Recession fears continue to rattle global markets - LEVENT YILMAZ

Recession fears continue to rattle global markets

Uncertainties and risks continue to cast their shadow on global markets, and these recent fluctuations, in particular, are robbing us of our ability to make accurate predictions. As I talked about the sharp rises in commodity prices for a while, I’ll try to predict how far these prices could drop for a change. So what's going on in the background?


The U.S. Federal Reserve has been prioritizing tightening monetary policies for a while. In this context, it concluded the asset purchase program that first started during the pandemic period. After that, interest rates began to rise. It increased interest rates by a total of 150 basis points, first by 25, then by 50, and finally by 75 basis points. On top of that, the balance sheet began to shrink. By the end of the year, we expect at least 150 basis points of interest rate hikes, while reducing the balance sheet by $522.5 billion.

We see that the Fed, which initially described inflation as "temporary" but later said "we made a mistake", tightened extremely quickly this time. This situation is further compounding recession concerns.


First, after the pandemic period, and in the aftermath of the Russia-Ukraine War, oil prices started to rise to record levels. There were even experts who predicted hitting $280-300 per barrel as the war raged. However, at the point reached today, we have seen below $100 per barrel for Brent. There is a general consensus that the main factor in the said decline is the expectations of a recession. In addition to this, I think that the cheap oil that China and India buy from Russia should also be taken into consideration.


A similar decline to the one in oil prices is observed in other commodities as well. The Bloomberg Commodity Spot Index, a basket of 23 different commodities including energy, metals, and agricultural products, has started to decline markedly after peaking earlier last month.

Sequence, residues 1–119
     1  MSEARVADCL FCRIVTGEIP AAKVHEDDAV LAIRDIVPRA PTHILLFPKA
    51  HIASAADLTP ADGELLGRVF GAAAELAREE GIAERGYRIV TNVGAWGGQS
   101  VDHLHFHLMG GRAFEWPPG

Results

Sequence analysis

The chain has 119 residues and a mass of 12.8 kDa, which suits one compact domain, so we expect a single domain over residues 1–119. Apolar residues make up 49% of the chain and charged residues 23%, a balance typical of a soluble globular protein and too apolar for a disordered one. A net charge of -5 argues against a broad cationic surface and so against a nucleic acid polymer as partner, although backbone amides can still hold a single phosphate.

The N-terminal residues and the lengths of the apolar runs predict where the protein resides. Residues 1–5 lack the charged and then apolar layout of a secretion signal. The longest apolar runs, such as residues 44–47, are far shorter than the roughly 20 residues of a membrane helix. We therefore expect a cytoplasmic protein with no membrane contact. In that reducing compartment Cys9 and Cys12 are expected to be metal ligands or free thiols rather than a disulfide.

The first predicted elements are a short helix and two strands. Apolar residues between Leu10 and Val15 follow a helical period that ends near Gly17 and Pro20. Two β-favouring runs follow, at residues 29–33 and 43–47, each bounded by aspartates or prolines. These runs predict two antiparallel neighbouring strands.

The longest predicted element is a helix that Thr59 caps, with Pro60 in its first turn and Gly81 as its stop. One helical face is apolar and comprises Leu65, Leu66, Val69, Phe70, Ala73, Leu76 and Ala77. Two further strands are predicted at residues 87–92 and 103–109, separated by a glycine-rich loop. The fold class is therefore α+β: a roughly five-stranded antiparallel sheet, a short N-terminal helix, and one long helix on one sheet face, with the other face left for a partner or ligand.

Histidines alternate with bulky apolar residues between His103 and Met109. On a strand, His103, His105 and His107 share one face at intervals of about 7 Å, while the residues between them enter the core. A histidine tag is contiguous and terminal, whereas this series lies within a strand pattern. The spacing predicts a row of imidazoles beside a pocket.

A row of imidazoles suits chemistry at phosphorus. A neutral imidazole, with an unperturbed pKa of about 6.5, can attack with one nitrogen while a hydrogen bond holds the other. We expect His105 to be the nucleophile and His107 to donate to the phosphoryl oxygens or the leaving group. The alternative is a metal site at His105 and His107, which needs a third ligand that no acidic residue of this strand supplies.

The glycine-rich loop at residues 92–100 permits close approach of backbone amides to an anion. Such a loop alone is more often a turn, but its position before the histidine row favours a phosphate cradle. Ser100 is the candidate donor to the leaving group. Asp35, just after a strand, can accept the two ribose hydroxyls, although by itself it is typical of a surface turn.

One of the most important factors fueling recession expectations is the interest rate hikes made by one central bank after the other to combat inflation. Of course, the effectiveness of monetary policy is important for the fight against inflation. However, it is also true that reckless and abrupt movements may trigger a recession.


The Dollar Index, an indicator that measures the value of the U.S. Dollar against the 6 most traded currencies in the world, has continued to increase. The index has reached its highest level since 2002.

Meanwhile, the fact that the European Central Bank did not act hastily in ending asset purchases and raising interest rates puts pressure on the Euro. As such, the Euro/Dollar parity decreases. So why does this matter to us?

Raw materials imported by Turkey's manufacturer-exporters are priced mainly in Dollars, while the products they export are predominantly priced in Euros. In this respect, the decline in the Euro/Dollar parity negatively impacts the profitability of Turkish exporters.


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